Study: coffee reduces risk of melanoma

Jan 21, 2015, 4:07 PM EST
Helene Marsot is the coffee taster for Dunkin Donuts, her job is to taste the quality of the coffee from the beans that Dunkin buys from around the world. world.
Boston Globe/Boston Globe via Getty Images

A study conducted by researchers from the National Cancer Institute at the National Institutes of Health and Yale School of Public Health at Yale University shows that drinking a certain amount of coffee a day could reduce the risk of contracting melanoma by 20%. Medical News Today writes:

The US is certainly a nation of coffee drinkers; more than half of us drink an average of 3.1 cups of it every day. And with the health benefits the beverage has been associated with in the past, it is no wonder.
 
Last year, Medical News Today reported on studies associated coffee consumption with reduced risk of death from liver cirrhosis, lower risk of type 2 diabetes and a reduced risk of tinnitus, among other health benefits.
 
In this latest study, Erikka Loftfield, of the Division of Cancer Epidemiology and Genetics at the National Cancer Institute, and colleagues set out to determine how coffee consumption affects the risk of melanoma - the deadliest form of skin cancer.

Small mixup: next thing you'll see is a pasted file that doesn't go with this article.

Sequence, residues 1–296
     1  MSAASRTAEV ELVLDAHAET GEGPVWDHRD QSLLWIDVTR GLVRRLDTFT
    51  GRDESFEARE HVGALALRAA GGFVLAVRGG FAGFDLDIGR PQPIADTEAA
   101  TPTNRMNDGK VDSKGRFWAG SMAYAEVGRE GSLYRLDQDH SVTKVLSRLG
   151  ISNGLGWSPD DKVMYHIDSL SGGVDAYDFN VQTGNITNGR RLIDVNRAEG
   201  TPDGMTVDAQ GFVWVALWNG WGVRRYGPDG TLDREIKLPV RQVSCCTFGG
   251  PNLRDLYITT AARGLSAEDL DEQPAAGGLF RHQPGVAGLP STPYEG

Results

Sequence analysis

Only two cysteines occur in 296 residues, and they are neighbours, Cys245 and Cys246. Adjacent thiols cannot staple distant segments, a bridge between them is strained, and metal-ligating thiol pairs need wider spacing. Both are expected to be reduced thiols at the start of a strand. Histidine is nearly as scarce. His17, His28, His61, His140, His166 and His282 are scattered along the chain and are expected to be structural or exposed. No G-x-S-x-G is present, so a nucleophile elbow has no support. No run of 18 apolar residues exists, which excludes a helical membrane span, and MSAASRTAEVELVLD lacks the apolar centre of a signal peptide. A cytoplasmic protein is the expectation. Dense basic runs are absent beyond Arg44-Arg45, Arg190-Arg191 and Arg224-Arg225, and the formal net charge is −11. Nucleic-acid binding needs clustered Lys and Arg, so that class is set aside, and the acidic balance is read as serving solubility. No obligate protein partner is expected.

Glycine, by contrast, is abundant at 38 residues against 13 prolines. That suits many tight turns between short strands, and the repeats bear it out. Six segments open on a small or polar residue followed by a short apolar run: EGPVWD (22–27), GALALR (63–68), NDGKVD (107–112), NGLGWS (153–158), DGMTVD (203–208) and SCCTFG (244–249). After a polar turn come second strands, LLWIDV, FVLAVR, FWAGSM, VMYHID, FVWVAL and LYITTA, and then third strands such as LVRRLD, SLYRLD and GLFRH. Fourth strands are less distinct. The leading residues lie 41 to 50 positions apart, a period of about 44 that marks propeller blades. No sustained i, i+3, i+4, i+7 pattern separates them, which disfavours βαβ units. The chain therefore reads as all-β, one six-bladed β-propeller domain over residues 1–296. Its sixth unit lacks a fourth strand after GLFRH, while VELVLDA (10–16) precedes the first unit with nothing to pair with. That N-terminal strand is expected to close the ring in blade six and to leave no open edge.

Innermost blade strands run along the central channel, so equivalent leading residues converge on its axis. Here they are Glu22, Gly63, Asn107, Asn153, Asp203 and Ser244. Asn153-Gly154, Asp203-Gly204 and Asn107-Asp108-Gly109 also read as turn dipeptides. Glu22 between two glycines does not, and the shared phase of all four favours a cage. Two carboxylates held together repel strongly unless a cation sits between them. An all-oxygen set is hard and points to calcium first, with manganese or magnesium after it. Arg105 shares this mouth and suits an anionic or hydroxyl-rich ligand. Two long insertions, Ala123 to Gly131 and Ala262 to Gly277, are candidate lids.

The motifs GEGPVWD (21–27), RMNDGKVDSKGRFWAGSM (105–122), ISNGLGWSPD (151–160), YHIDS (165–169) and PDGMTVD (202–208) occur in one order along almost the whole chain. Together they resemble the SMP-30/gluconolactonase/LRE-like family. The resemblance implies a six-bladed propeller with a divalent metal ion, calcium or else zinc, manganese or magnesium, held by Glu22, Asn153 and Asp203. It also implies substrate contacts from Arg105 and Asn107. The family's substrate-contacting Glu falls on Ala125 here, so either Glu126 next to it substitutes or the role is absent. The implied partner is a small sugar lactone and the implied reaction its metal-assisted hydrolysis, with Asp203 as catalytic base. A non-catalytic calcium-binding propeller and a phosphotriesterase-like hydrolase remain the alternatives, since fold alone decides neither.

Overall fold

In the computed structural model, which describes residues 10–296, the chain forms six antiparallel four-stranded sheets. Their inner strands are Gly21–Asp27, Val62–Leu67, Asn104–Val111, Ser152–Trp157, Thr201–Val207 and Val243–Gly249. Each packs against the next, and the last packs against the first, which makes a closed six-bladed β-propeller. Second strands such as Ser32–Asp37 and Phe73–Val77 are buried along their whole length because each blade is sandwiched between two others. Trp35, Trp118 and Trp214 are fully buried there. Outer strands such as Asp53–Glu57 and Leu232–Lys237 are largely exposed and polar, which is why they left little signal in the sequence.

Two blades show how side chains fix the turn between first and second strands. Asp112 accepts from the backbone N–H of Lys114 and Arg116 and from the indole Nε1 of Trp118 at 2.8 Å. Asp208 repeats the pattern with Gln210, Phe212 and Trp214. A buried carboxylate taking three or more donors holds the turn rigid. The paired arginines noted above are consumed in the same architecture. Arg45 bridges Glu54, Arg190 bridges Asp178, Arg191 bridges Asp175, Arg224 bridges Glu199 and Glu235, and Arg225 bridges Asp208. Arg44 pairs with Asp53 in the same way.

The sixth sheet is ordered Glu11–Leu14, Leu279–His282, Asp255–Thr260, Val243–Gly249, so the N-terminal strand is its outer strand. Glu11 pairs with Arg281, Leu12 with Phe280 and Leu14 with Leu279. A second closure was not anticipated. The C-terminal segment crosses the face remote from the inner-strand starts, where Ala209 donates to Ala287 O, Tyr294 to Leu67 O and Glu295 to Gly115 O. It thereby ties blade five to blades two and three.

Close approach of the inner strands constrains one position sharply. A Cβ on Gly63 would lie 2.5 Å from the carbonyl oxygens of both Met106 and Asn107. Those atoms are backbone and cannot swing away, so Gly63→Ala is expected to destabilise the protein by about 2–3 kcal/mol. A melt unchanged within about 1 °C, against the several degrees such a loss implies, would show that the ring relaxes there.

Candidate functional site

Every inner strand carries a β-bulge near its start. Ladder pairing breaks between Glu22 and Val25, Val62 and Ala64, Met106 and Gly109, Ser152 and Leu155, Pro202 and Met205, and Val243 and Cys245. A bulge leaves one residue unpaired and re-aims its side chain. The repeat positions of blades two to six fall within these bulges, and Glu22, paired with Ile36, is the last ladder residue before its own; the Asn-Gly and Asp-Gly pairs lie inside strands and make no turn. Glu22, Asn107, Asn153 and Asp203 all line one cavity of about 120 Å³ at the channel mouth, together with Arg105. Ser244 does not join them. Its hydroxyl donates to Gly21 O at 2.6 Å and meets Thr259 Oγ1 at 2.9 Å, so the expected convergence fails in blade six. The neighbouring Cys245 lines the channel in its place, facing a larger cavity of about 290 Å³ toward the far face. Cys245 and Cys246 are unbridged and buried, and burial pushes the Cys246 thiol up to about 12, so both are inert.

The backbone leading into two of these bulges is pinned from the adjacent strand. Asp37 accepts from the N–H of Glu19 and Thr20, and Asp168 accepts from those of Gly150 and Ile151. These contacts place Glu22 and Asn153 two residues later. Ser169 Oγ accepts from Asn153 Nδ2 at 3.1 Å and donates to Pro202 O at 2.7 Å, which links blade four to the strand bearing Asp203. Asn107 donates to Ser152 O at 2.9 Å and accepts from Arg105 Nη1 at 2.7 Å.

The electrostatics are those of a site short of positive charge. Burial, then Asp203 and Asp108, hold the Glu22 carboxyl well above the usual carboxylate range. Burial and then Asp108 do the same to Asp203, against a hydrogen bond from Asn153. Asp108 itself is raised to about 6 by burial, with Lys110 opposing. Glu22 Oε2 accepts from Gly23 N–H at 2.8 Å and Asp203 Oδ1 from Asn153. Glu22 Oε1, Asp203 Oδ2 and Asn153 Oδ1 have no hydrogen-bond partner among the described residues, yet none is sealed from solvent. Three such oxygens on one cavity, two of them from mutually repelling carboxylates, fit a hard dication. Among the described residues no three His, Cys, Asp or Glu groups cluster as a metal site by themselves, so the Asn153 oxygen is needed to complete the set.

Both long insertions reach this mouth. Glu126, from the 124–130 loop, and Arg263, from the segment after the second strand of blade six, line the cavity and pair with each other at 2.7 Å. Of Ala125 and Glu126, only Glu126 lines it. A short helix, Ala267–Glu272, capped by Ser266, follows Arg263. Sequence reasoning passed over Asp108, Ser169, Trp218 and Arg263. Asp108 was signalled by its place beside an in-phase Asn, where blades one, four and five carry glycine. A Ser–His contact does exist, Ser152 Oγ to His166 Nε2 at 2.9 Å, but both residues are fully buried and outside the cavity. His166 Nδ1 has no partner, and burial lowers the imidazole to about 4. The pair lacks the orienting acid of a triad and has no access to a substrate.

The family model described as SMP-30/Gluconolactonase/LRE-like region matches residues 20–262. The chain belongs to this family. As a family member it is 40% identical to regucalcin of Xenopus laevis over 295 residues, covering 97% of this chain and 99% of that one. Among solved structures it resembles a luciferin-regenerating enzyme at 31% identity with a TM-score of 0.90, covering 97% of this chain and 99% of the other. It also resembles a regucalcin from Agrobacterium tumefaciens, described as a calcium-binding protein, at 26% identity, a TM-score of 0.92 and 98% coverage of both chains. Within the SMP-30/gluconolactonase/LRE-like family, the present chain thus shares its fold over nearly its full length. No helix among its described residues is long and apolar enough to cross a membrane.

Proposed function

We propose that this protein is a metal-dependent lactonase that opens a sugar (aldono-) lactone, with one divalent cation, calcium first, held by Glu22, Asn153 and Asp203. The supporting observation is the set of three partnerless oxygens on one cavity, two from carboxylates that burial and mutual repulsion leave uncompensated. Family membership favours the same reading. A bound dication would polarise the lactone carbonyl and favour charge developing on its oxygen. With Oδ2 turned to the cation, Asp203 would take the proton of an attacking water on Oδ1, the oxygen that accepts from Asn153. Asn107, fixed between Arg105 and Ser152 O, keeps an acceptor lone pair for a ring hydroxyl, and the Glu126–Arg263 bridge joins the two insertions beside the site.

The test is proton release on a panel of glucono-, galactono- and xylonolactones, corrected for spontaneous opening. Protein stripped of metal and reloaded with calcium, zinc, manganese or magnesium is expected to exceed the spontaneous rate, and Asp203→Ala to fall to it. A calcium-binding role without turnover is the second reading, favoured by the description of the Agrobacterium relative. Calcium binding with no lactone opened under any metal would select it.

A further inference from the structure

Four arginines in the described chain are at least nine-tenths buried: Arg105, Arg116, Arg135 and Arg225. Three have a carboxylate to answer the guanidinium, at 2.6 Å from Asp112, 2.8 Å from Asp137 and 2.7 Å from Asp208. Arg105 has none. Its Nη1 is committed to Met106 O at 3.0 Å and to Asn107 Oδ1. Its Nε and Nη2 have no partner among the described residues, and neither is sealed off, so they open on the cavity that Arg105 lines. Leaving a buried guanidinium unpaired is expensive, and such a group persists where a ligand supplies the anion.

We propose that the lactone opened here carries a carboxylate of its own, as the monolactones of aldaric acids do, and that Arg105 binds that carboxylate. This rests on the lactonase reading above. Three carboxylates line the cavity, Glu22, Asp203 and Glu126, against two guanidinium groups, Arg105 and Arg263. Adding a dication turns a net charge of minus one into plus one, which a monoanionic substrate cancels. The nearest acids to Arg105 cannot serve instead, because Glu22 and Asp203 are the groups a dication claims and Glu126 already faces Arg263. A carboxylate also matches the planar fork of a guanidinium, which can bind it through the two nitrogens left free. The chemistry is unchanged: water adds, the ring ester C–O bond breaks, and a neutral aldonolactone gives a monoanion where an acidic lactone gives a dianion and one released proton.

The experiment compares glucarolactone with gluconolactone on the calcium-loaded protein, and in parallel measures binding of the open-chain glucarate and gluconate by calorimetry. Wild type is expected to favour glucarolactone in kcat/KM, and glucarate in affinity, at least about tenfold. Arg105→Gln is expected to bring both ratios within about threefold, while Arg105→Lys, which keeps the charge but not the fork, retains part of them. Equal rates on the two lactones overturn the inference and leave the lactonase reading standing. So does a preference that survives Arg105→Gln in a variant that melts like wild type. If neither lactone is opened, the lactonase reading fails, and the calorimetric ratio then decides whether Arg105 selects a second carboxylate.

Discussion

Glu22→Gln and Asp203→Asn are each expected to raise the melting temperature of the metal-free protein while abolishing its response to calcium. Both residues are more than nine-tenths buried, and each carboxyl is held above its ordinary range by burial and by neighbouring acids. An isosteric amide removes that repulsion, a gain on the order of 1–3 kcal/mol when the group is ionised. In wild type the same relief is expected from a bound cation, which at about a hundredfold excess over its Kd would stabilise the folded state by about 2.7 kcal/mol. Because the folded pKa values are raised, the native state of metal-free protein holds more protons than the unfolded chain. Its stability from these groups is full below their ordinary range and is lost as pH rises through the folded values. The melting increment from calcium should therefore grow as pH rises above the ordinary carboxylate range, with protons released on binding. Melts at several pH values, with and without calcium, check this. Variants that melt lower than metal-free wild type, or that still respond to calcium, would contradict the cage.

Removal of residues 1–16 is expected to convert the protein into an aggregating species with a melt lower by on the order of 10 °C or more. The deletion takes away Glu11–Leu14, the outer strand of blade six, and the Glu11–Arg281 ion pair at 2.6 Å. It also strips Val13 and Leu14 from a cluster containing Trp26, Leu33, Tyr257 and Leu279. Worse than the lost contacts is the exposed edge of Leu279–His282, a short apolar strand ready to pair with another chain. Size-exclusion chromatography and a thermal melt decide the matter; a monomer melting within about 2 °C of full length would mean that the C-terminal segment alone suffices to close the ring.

The study surveyed over 447,000 people in the United States over an average of 10 years. Those who drank coffee were associated with a decreased risk of developing melanoma skin cancer. They found those who drank four or more cups of joe a day were 20 percent less likely to develop melanoma.
 
Melanoma skin cancer is mainly caused by exposure to UV radiation. This can be through natural sunlight or the artificial light used in sunbeds. About 12,800 people in the UK are diagnosed with melanoma each year.
 
The findings builds on a 2007 study published by Dr. Ernest Abel, which found that risk of non-melanoma skin cancer also fell with increased coffee consumption.
 
Decaffeinated coffee had no affect on the risk of skin cancer in both studies.

 

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